When to Consider Changing Your CLL Treatment Plan

Medically Reviewed by Sabrina Felson, MD on March 19, 2023
3 min read

There are common ways to treat chronic lymphocytic leukemia (CLL), but there isn't a therapy that works for everyone. You may need to go several different routes to find the right plan for you. That includes standard therapy your doctor can give you or new drugs through clinical trials.

The goal of any CLL treatment is to lessen your symptoms and get you closer to long periods with no signs or symptoms of disease. You and your doctor can discuss whether it's a good idea to change your treatment. There are several things to consider.

You have CLL-related symptoms. One of the main goals of CLL treatment is to help you feel better. If some of your old symptoms come back or never go away, tell your doctor. It could be a sign your CLL isn't well-managed.

Some symptoms to watch for include:

  • Extreme tiredness
  • Low-grade fever with no infection
  • Weight loss for no reason
  • Swollen lymph nodes
  • Night sweats for longer than a month
  • Belly pain or a sense of fullness
  • Lots of infections
  • Easy bleeding or bruising

Your cancer keeps growing. The aim of any CLL treatment is to lessen the number of cancer cells in your body. Sometimes your cancer may not respond to therapy. That's called refractory CLL. It's also possible for a drug to help at first and then stop working later on.

It's important to see your health care team on a regular basis. These checkups help your doctor track how well your treatment is going. That'll help them know if they need to make any changes to your care plan. Your appointments may include repeat versions of the same tests used to diagnose your cancer in the first place, such as:

Physical exam. You doctor will ask how you're feeling and check for physical signs of CLL. They'll feel for swollen lymph nodes, like in your neck. They'll press on your belly to see if your spleen or liver have gotten bigger. This is a great time to tell your doctor about any symptoms or side effects that are bothering you. They may be able to prescribe medicines to ease them. If a medication is causing serious side effects, they may consider adjusting your treatment plan.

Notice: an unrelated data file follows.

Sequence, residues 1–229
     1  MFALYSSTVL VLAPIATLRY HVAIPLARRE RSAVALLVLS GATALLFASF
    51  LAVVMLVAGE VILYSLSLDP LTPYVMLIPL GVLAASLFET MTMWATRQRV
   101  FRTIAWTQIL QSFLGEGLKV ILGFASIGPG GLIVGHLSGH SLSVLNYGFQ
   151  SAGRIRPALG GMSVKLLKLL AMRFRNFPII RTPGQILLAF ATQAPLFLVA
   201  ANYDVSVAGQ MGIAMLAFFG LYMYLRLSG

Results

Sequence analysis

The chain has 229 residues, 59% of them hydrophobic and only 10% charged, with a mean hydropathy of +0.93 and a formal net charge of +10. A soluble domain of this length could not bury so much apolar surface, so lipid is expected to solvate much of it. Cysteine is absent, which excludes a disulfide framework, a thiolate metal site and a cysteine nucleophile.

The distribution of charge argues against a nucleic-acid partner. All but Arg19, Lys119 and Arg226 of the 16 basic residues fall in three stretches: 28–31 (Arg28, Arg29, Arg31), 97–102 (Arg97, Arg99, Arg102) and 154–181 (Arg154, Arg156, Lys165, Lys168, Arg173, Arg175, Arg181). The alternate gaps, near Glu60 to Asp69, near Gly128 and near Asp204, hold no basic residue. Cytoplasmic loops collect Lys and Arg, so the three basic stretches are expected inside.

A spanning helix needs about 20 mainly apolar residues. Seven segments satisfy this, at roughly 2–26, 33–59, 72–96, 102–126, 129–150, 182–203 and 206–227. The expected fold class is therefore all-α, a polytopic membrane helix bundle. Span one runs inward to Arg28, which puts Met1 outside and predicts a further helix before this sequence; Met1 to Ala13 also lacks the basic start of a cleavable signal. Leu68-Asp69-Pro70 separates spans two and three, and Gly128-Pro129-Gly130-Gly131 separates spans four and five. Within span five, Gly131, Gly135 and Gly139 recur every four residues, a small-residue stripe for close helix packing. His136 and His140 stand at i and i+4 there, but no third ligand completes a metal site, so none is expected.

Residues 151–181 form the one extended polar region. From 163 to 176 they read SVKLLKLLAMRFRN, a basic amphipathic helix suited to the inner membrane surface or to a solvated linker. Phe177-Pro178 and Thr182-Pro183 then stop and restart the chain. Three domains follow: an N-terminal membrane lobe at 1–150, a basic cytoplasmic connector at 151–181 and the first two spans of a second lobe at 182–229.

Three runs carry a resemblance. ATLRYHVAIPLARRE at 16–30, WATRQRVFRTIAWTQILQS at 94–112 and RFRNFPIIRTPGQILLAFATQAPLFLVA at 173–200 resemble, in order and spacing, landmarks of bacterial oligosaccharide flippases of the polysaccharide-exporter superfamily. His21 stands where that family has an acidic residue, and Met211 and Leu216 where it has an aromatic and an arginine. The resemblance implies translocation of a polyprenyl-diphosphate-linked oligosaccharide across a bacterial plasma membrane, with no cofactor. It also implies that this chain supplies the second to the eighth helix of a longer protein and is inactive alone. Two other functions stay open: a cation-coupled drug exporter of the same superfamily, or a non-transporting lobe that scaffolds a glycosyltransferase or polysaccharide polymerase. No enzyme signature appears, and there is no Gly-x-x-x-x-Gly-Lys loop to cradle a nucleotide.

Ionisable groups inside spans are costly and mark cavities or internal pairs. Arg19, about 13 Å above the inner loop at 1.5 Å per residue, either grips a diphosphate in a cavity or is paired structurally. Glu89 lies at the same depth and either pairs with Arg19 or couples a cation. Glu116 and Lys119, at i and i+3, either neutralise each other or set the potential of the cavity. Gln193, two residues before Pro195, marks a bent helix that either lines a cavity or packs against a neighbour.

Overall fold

Blood tests. CLL creates cancer cells in the bone marrow that can squeeze out some of your healthier blood cells. If your treatment isn't working well, you may have:

  • Low red blood cell count. This is also called anemia. You need a healthy amount of red blood cells to carry oxygen to other cells in your body. Without enough, you can get tired really easily.
  • Low platelet count. Platelets help your blood clot. That's why you may bleed or bruise easily when they're too low.
  • High white blood cell count. CLL causes your bone marrow to make lots of white blood cells called lymphocytes. This makes it harder for your body to fight infections.

Bone marrow test. You may get a bone marrow aspiration and biopsy. That's when a doctor uses a long, thin needle to get some of your liquid bone marrow and then some of the core of your bone marrow. Your doctor can compare results from earlier bone marrow tests to see if your treatment is working.

Fluorescence in situ hybridization (FISH). People with CLL often have changes in certain chromosomes. This test uses a special dye to show changes in your cancer cells. Specifically, your doctor is looking for altered genes that help CLL cells survive. Your doctor can use your blood or bone marrow for the FISH test.

It's good to be curious about your medical care. Make a list of everything you want to know. Write it down or print it out before you go to your appointment. That way you don't forget what you want to ask.

Here are some questions to get you started:

  • How often do I need follow-up visits?
  • What are all these lab tests for?
  • What are all of my treatment options?
  • How will treatment help?
  • Will I have side effects?
  • How can I ease my CLL symptoms right now?
  • How much will my new treatment cost?
  • Can I get help with my medical expenses?
  • How long will it take for treatment to work?
  • What if I change my treatment and it doesn't help?